Dr Keck reports receiving grant and/or research support from Abbott Laboratories, the American Diabetes Association, AstraZeneca Pharmaceuticals, Bristol-Myers Squibb Company, GlaxoSmithKline, Elan Corporation, Eli Lilly and Company, Janssen Pharmaceutica, Merck & Co, Inc, National Institute of Mental Health, National Institute of Drug Abuse, Organon, Ortho-McNeil Pharmaceutical, Pfizer Inc, the Stanley Medical Research Institute, and UCB Pharma; and serving as a consultant or a member of an advisory board for Abbott Laboratories, AstraZeneca Pharmaceuticals, Bristol-Myers Squibb Company, Corcept Therapeutics Inc, GlaxoSmithKline, Janssen Pharmaceutica, Eli Lilly and Company, Novartis Corporation, Ortho-McNeil Pharmaceutical, Pfizer Inc,
Shire Pharmaceuticals Group, and Wyeth.

Jeffrey A. Lieberman, MD
Thad and Alice Eure Distinguished Professor of Psychiatry, Pharmacology, and Radiology
Vice Chairman for Research and Scientific Affairs
Department of Psychiatry
Director, Mental Health and Neurosciences Clinical Research Center
University of North Carolina at Chapel Hill School of Medicine
Chapel Hill, North Carolina
Dr Lieberman reports receiving grant and/or research support from AstraZeneca LP, Bristol-Myers Squibb Company, Eli Lilly and Company, GlaxoSmithKline, Janssen Pharmaceutica, Novartis Corporation, Organon, and Pfizer Inc; serving as a consultant to Abbott Laboratories, AstraZeneca LP, Bristol-Myers Squibb Company, Eli Lilly and Company, GlaxoSmithKline, Novartis Corporation, Pfizer Inc, and Solvay Pharmaceuticals; and serving on the Advisory Board of Abbott Laboratories, AstraZeneca LP, Bristol-Myers Squibb Company, Eli Lilly and Company, GlaxoSmithKline, Organon, Pfizer Inc, Sanofi-Synthelabo Inc, and Solvay Pharmaceuticals.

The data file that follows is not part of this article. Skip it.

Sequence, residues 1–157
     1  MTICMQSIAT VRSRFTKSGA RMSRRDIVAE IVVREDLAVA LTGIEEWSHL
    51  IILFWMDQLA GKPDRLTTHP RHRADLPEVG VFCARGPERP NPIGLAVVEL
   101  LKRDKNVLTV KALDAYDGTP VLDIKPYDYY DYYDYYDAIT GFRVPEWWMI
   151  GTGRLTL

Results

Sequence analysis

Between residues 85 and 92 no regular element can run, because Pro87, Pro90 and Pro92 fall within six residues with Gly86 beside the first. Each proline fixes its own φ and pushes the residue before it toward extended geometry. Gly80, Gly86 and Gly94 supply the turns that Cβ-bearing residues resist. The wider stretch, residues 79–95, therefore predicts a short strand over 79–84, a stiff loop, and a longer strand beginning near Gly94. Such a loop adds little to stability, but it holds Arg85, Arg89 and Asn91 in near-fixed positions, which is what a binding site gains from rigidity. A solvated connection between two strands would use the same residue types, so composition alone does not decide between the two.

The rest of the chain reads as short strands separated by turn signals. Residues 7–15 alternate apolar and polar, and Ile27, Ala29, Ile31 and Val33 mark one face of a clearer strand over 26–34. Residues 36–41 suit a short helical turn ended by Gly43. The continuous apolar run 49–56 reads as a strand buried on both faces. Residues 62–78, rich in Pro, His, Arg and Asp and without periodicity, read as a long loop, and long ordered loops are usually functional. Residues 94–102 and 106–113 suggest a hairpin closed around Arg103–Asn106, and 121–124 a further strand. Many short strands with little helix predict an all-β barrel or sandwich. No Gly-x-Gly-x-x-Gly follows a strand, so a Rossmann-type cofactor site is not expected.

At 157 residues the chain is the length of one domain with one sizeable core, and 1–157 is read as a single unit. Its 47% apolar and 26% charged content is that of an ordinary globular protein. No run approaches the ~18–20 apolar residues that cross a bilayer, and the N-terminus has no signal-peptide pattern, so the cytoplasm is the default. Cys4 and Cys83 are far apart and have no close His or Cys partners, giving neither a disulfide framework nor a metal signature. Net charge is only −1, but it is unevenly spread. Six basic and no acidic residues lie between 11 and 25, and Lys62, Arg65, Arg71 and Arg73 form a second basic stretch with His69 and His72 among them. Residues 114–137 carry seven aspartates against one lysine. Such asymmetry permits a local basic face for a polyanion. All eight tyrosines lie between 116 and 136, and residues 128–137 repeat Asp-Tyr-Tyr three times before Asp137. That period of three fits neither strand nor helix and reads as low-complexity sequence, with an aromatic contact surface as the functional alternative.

Charles B. Nemeroff, MD, PhD
Reunette W. Harris Professor and Chairman
Department of Psychiatry and Behavioral Sciences
Emory University School of Medicine
Atlanta, Georgia
Dr Nemeroff reports receiving grant and/or research support from Abbott Laboratories, American Foundation for Suicide Prevention, AstraZeneca LP, Bristol-Myers Squibb Company, Eli Lilly and Company, Forest Laboratories, GlaxoSmithKline, Janssen Pharmaceutica, Merck & Co, Inc, National Alliance for Research on Schizophrenia and Depression, National Institutes for Mental Health, Pfizer Inc, Stanley Foundation/National Alliance for the Mentally Ill, and Wyeth; serving as a consultant to Abbott Laboratories, Acadia Pharmaceuticals, AstraZeneca LP, Bristol-Myers Squibb Company, Corcept Therapeutics Inc, Cyberonics, Cypress Biosciences Inc, Eli Lilly and Company, Forest Laboratories, GlaxoSmithKline, Janssen Pharmaceutica, Merck & Co, Inc, Neurocrine Biosciences, Novartis Corporation, Organon, Otsuka American Pharmaceutical, Inc, Sanofi-Synthelabo Inc, Scirex, Somerset Pharmaceuticals, and Wyeth; serving on the speakersÕ bureau for Abbott Laboratories, AstraZeneca LP, Bristol-Myers Squibb Company, Eli Lilly and Company, Forest Laboratories, GlaxoSmithKline, Janssen Pharmaceutica, Organon, Otsuka America Pharmaceutical, Inc, Pfizer Inc, and Wyeth; serving on the Board of Directors for the American Foundation for Suicide Prevention, Cypress Biosciences Inc, the George West Mental Health Foundation, NovaDel Pharma Inc, and the Heinz C. Prechter Fund for Manic Depression; and holding stock in Corcept Therapeutics Inc and Neurocrine Biosciences, and he holds the patent for the method and devices for transdermal delivery of lithium (US 6 375 990 B1) and the method to estimate serotonin and norepinephrine transporter occupancy after drug treatment using patient or animal serum (provisional filing April 2001).

Notice: In accordance with the ACCME Standards for Commercial Support, the audience is advised that one or more articles in this continuing medical education activity may contain reference(s) to unlabeled or unapproved uses of drugs or devices. The following faculty members have disclosed that their articles have referenced the following unlabeled/unapproved uses of drugs or devices: